The data spill, discovered by cybersecurity company UpGuard, contained 1.5 terabytes of data collected by a number of programs that offer financial support to students. The data included documents such as academic transcripts, resumes, and invoices for approximately 1.2 million applications to funding programs, dated from November 2020 to September 21, 2021. SmarterSelect’s website says it has served 1.6 million people to date.

One folder hosted on the public bucket hosted 23,000 spreadsheets and 8,000 ZIP files, according to UpGuard’s analysis. For applicants, these files contained contact information like name, email address, and phone number, as well as much more probing details such as their parents’ education and income, the students’ performance at school, and personal experiences like living in a foster home or abusive situations.

Some files also longer documents such as letters of recommendation and personal essays detailing poverty, physical and sexual abuse, domestic violence, and other personal information, UpGuard said.

Another directory, which contained some 2.79 million files, included even more sensitive data on applicants. This includes student photos where required for application, financial documents such as Free Application for Federal Student Aid (FAFSA) forms that in some cases included full Social Security numbers, proof of COVID-19 vaccinations, and descriptions of hardships.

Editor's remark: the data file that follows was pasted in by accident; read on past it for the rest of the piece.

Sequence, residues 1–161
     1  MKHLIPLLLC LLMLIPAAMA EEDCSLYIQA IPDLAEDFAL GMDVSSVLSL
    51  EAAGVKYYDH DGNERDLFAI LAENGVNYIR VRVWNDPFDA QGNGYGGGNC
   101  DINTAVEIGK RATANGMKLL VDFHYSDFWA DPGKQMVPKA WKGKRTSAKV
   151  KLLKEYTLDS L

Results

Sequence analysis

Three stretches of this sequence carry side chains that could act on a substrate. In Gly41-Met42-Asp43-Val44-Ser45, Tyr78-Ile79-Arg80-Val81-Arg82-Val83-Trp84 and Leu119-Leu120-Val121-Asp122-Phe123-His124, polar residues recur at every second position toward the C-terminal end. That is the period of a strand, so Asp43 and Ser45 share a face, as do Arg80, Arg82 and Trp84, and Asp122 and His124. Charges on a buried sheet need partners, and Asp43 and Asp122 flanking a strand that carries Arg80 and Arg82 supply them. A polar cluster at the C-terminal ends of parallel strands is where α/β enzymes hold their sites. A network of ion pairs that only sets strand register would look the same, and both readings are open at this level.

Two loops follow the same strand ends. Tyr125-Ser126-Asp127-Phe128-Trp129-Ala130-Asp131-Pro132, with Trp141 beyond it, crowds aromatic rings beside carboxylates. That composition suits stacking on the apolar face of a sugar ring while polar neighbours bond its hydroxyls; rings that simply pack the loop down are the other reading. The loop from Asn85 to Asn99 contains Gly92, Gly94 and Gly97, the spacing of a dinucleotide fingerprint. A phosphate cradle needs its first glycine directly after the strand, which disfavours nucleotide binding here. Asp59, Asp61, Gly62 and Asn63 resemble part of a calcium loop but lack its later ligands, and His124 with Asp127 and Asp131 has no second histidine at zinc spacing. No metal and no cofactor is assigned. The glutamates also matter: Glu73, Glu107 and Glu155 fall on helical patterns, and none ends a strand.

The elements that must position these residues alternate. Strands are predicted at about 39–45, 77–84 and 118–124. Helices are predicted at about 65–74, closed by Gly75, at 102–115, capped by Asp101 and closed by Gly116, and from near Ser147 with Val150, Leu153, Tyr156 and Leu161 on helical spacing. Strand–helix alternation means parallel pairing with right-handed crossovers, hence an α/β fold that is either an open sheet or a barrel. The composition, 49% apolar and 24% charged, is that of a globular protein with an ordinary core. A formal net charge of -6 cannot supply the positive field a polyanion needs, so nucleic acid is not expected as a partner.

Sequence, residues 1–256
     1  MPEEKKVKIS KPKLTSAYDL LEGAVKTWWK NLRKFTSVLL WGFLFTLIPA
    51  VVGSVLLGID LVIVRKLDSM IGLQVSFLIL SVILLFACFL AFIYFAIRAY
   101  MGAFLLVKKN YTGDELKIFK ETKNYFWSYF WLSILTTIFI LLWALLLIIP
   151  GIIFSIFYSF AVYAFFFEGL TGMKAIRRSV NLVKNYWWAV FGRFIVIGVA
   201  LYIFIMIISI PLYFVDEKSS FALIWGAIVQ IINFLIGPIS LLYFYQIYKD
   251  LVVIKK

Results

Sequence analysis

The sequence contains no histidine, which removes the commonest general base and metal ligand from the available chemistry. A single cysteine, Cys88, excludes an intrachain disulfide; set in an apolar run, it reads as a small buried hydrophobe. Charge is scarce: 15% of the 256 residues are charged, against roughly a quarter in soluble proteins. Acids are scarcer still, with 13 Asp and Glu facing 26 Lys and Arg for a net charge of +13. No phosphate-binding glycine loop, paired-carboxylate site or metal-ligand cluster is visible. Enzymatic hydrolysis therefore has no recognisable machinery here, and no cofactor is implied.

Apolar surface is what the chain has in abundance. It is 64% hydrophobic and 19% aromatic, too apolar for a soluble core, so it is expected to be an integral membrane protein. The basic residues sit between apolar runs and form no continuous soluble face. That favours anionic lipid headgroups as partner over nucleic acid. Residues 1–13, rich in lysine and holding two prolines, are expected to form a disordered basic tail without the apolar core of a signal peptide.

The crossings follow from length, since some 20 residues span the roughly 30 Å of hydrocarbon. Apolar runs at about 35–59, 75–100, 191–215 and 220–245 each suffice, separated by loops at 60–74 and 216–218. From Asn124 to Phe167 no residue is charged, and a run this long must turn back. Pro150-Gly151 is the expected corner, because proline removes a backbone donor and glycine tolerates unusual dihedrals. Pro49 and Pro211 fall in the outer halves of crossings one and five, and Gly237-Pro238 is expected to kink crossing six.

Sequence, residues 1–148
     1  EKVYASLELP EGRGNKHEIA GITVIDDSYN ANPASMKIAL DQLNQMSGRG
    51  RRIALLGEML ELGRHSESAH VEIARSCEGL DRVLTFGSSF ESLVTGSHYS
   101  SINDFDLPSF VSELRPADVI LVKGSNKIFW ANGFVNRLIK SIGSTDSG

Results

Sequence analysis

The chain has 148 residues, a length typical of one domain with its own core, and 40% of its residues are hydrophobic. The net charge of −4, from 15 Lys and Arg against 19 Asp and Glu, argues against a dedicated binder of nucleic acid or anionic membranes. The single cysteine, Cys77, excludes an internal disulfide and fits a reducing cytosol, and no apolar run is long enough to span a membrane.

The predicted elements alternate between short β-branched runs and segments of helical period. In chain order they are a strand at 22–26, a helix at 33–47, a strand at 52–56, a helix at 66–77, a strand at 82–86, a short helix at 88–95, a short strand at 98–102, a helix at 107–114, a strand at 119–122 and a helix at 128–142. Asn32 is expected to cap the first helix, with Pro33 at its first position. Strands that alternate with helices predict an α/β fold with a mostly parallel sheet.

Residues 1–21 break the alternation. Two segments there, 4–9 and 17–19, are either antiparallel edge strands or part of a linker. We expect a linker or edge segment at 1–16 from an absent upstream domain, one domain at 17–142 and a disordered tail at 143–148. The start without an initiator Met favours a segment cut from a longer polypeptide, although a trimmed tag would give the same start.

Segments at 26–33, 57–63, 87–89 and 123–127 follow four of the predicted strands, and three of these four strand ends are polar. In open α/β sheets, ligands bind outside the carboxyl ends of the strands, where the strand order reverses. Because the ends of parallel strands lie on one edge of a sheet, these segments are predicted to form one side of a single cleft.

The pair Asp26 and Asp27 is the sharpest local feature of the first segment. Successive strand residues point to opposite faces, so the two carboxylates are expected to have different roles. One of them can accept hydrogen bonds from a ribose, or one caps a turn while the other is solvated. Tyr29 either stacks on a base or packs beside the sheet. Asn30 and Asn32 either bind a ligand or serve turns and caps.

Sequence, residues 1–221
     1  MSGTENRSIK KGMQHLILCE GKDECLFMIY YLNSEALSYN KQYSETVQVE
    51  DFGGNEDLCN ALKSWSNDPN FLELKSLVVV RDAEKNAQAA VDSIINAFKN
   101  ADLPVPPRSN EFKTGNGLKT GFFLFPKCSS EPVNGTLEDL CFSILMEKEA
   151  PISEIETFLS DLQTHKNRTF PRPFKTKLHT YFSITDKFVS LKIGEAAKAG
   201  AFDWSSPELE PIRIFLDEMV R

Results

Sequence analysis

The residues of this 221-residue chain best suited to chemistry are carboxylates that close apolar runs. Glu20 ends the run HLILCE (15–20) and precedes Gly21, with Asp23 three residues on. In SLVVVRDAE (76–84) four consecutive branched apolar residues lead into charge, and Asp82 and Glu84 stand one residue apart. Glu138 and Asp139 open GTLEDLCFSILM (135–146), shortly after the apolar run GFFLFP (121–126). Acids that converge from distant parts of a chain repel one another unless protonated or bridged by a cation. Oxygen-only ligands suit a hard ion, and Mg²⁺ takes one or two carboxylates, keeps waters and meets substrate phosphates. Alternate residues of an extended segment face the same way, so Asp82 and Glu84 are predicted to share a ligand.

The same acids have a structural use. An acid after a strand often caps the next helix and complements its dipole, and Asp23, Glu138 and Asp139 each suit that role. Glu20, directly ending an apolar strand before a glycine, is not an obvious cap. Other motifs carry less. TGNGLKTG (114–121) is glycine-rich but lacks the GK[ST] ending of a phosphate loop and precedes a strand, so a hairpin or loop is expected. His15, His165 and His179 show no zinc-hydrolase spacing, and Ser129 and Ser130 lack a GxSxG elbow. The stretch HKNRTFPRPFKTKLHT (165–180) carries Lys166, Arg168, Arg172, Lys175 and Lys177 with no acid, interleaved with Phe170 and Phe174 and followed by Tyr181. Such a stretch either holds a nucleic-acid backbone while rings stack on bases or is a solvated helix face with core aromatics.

UpGuard first notified SmarterSelect about the breach on September 15 and then again on September 27. The company acknowledged the warning on September 30, before revoking public access to the bucket on October 5. It’s not known whether any malicious actors accessed the data while it was exposed.

“The contents of the bucket also serve as a reminder of the risks of collecting and retaining sensitive data, particularly for populations like college students,” UpGuard said. “The process of applying to, attending, and securing funding for university education requires young people to provide detailed information about themselves to a complex institutional supply chain.

“Even well-intentioned programs aiming to assist students who have been disadvantaged by circumstances beyond their control — in fact, especially those programs that seek to help those most in need– require a detailed accounting of the facts of one’s life.”

It’s not yet clear whether SmarterSelect has notified those affected by the breach, nor whether it has alerted the relevant state attorney general offices per data breach notification law. TechCrunch asked SmarterSelect for comment but did not immediately hear back.